Much of the column is designed to debunk the absurd notion that a BAT is needed to offset some mythical advantage that other nations supposedly enjoy because of their value-added taxes.

Here’s what supporters claim.

Proponents of the border-adjustment tax also are using a dodgy sales pitch, saying that their plan will get rid of a “Made in America Tax.” The claim is that VATs give foreign companies an advantage. Say a German company exports a product to the U.S. It doesn’t pay the American corporate income tax, and it receives a rebate on its German VAT payments. But an American company exporting to Germany has to pay both—it’s subject to the U.S. corporate income tax and then pays the German VAT on the product when it is sold.

Sounds persuasive, at least until you look at both sides of the equation.

When the German company sells to customers in the U.S., it is subject to the German corporate income tax. The competing American firm selling domestically pays the U.S. corporate income tax. Neither is hit with a VAT. In other words, a level playing field.

Here’s a visual depiction of how the current system works. I include the possibility that that German products sold in America may also get hit by the US corporate income tax (if the German company have a US subsidiary, for instance). What’s most important, though, is that neither American-produced goods and services nor German-produced goods and services are hit by a VAT.

Now let’s consider the flip side.

What if an American company sells to a customer in Germany? The U.S. government imposes the corporate income tax and the German government imposes a VAT. But guess what? The German competitor selling domestically is hit by the German corporate income tax and the German VAT. That’s another level playing field. This explains why economists, on the right and left, repeatedly have debunked the idea that countries use VATs to boost their exports.

Here’s the German version of the map. Once again, I note that it’s possible–depending on the structure of the US company–for American products to get hit by the German corporate income tax. But the key point of the map is to show that American-produced goods and services and German-produced goods and services are subject to the VAT.

By the way, it’s entirely possible that an American company in Germany or a German company in America may pay higher or lower taxes depending on whether there are special penalties or preferences. Those companies may also pay more or less depending on the cleverness of their tax lawyers and tax accountants.

But one thing can be said with total certainty: The absence of an American VAT does not result in a “Made-in-America” tax on American companies. Even Paul Krugman agrees that VATs don’t distort trade.

Moreover, Veronique and I point out that the lack of a VAT creates a big advantage for the United States.

One big plus for Americans is that Washington does not impose a VAT, which would enable government to grow. This is a major reason that the U.S. economy is more vibrant than Europe’s. In Germany, the VAT raises so much tax revenue that the government consumes 44% of gross domestic product—compared with 38% in America.

And to the extent that there is a disadvantage, it’s not because of some sneaky maneuver by foreign governments. It’s because of a self-inflicted wound.

America’s top corporate income tax of 35% is the highest in the developed world. If state corporate income taxes are added, the figure hits nearly 40%, according to the Congressional Budget Office. That compares very unfavorably with other nations. Europe’s average top corporate rate is less than 19%, and the global average is less than 23%… That’s the real “Made in America Tax,” and it’s our own fault.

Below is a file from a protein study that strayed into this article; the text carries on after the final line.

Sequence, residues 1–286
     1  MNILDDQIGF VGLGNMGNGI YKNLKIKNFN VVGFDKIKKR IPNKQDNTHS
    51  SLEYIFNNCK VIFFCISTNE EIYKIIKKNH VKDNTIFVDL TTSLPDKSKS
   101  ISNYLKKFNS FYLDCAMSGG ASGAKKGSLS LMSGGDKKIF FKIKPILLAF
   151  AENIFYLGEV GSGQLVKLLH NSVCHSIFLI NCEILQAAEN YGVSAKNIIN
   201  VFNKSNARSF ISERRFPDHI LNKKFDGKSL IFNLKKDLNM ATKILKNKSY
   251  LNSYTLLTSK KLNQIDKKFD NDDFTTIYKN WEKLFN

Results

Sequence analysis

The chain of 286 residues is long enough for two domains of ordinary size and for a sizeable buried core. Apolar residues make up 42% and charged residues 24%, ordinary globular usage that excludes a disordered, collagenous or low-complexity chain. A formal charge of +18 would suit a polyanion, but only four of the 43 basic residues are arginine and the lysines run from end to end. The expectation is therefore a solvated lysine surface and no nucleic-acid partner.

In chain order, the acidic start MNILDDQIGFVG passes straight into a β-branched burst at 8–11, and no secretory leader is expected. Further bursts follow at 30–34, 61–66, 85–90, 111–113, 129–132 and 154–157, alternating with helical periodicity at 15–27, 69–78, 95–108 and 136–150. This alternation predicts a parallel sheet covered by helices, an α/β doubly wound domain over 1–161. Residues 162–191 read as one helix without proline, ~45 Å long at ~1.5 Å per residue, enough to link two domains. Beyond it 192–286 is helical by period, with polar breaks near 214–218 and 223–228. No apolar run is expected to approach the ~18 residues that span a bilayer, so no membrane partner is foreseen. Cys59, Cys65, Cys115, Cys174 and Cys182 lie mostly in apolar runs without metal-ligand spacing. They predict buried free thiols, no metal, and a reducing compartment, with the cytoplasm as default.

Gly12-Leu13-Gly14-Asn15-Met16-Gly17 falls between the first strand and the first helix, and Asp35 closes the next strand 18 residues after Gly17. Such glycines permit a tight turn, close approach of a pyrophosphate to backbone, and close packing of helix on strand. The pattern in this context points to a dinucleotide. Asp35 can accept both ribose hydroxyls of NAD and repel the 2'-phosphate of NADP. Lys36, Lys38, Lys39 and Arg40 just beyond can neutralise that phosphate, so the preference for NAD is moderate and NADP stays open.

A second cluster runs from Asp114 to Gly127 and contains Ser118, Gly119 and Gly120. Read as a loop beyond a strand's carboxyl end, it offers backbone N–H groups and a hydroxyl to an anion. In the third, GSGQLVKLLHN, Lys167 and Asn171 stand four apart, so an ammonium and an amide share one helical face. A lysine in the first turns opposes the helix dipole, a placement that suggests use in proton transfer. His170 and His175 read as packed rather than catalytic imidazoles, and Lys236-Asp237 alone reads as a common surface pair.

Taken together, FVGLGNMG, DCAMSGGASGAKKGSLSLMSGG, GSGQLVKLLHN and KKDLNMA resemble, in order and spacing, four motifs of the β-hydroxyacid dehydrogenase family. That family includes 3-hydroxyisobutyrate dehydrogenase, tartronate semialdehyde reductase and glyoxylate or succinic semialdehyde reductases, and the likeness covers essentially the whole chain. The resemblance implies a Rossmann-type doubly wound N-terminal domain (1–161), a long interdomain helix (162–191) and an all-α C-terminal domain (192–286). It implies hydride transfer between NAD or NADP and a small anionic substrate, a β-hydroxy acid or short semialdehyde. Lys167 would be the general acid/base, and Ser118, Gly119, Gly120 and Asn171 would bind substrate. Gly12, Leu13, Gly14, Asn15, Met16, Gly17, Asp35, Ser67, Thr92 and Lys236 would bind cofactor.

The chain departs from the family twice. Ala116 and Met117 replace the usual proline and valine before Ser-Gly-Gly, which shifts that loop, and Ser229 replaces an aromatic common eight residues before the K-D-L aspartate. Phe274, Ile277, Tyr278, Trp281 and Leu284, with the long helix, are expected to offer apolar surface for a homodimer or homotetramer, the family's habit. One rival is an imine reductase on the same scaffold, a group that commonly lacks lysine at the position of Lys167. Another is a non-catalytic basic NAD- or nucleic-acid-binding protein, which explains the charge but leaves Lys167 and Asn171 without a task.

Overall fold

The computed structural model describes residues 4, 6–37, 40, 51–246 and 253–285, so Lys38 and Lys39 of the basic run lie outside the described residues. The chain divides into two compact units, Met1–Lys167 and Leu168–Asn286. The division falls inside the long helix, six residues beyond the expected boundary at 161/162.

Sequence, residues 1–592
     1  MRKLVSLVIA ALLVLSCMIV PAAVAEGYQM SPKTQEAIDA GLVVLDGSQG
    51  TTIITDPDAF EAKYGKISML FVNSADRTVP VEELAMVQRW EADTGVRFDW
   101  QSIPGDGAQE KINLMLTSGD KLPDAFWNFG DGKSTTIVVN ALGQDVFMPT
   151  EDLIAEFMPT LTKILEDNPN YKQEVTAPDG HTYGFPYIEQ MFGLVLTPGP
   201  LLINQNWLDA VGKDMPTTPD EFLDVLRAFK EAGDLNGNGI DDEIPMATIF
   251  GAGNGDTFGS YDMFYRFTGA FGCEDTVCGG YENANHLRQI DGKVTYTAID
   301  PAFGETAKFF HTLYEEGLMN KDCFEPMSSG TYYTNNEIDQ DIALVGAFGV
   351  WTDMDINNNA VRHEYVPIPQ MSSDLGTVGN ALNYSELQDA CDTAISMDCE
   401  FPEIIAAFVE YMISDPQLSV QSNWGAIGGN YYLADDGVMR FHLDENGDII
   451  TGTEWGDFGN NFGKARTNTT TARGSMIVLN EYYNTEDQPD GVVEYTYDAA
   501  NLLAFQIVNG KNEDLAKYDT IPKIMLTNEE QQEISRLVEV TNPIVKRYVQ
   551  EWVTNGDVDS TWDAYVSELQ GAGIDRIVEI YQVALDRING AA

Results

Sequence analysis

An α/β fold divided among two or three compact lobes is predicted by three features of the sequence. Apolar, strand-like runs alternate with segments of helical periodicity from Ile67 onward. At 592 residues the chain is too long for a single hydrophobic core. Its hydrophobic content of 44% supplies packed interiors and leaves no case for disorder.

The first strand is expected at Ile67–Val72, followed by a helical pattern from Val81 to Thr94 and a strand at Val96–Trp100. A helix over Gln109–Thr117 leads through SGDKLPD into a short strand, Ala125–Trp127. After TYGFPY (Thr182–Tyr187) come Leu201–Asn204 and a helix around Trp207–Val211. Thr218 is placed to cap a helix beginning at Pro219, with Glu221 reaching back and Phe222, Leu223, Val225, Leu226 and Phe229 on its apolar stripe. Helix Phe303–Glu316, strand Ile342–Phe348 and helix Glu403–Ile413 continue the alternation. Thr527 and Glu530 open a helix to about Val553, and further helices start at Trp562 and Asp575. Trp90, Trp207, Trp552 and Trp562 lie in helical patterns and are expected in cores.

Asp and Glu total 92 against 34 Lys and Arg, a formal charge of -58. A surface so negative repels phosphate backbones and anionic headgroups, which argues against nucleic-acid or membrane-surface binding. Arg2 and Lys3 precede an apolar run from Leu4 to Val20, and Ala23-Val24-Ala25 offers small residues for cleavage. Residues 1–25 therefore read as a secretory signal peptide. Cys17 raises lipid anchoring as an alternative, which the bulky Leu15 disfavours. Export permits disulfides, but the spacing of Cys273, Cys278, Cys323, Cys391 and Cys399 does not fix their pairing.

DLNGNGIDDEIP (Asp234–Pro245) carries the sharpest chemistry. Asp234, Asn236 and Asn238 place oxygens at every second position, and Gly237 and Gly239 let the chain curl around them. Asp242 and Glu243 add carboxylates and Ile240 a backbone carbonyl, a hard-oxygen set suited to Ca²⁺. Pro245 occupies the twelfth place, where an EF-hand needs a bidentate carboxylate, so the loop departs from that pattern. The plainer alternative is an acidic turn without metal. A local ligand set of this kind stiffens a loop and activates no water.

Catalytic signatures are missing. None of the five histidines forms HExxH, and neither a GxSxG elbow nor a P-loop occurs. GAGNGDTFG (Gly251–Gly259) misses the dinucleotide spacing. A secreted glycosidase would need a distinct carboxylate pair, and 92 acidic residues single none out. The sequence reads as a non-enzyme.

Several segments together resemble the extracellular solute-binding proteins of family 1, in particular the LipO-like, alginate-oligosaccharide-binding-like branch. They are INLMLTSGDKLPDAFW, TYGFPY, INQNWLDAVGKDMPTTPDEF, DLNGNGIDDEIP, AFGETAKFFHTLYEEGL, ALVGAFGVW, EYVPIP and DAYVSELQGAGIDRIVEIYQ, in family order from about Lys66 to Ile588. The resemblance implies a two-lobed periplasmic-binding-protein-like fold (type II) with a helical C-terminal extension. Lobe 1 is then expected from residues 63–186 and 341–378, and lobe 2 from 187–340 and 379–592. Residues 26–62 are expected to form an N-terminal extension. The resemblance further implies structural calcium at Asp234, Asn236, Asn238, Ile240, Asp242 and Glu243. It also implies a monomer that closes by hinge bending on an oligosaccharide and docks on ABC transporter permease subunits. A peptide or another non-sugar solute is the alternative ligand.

The column does acknowledge that BAT supporters have their hearts in the right place. They are proposing that new source of revenue to help finance a lower corporate tax rate, as well as expensing.

But there’s a much better way to enable those pro-growth reforms.

If Congress simply limits the growth of outlays to about 2% a year, that would create enough fiscal space to balance the budget over 10 years and adopt a $3 trillion tax cut. If Republicans want a win-win, dropping the border-adjustment tax is the way to get one.

And what if Republicans aren’t willing to restrain spending? Then maybe the sensible approach is to simply cut the corporate tax rate and declare victory.

A group called People Helping People heard of potential civil rights abuses and harassment occurring at Border Patrol checkpoints in Arizona—interior ones, not right at the border—so started a campaign to monitor such activity. The Border Patrol then decided to prohibit any recording within 150 feet of their location, which includes the public roadside.

A federal district court found that the new rule was a valid time, place, or manner restriction on First Amendment-protected activity. Cato, with the assistance of the UCLA Law School First Amendment Clinic and noted scholar Eugene Volokh, has filed an amicus brief asking the U.S. Court of Appeals for the Ninth Circuit to reverse that ruling.

Recording of law enforcement officers engaged in the public performance of their duties promotes the free discussion of government affairs. The roadside in this case is a “traditional public forum” of the sort that the Supreme Court has held to be required to be open to First Amendment-protected activities. The Border Patrol even got a permit that requires that the facilities be “maintained in a manner that will not interfere with the reasonable use of the public right-of-way.” The government cannot choose to shut down such a forum when it is still being used as a public thoroughfare.

There is also evidence that the Border Patrol closed this area specifically in retaliation for People Helping People’s First Amendment activities; new barriers were added within hours of the start of the monitoring program, making it significantly harder to film, and passers-by were told that the barriers were there only to exclude protesters.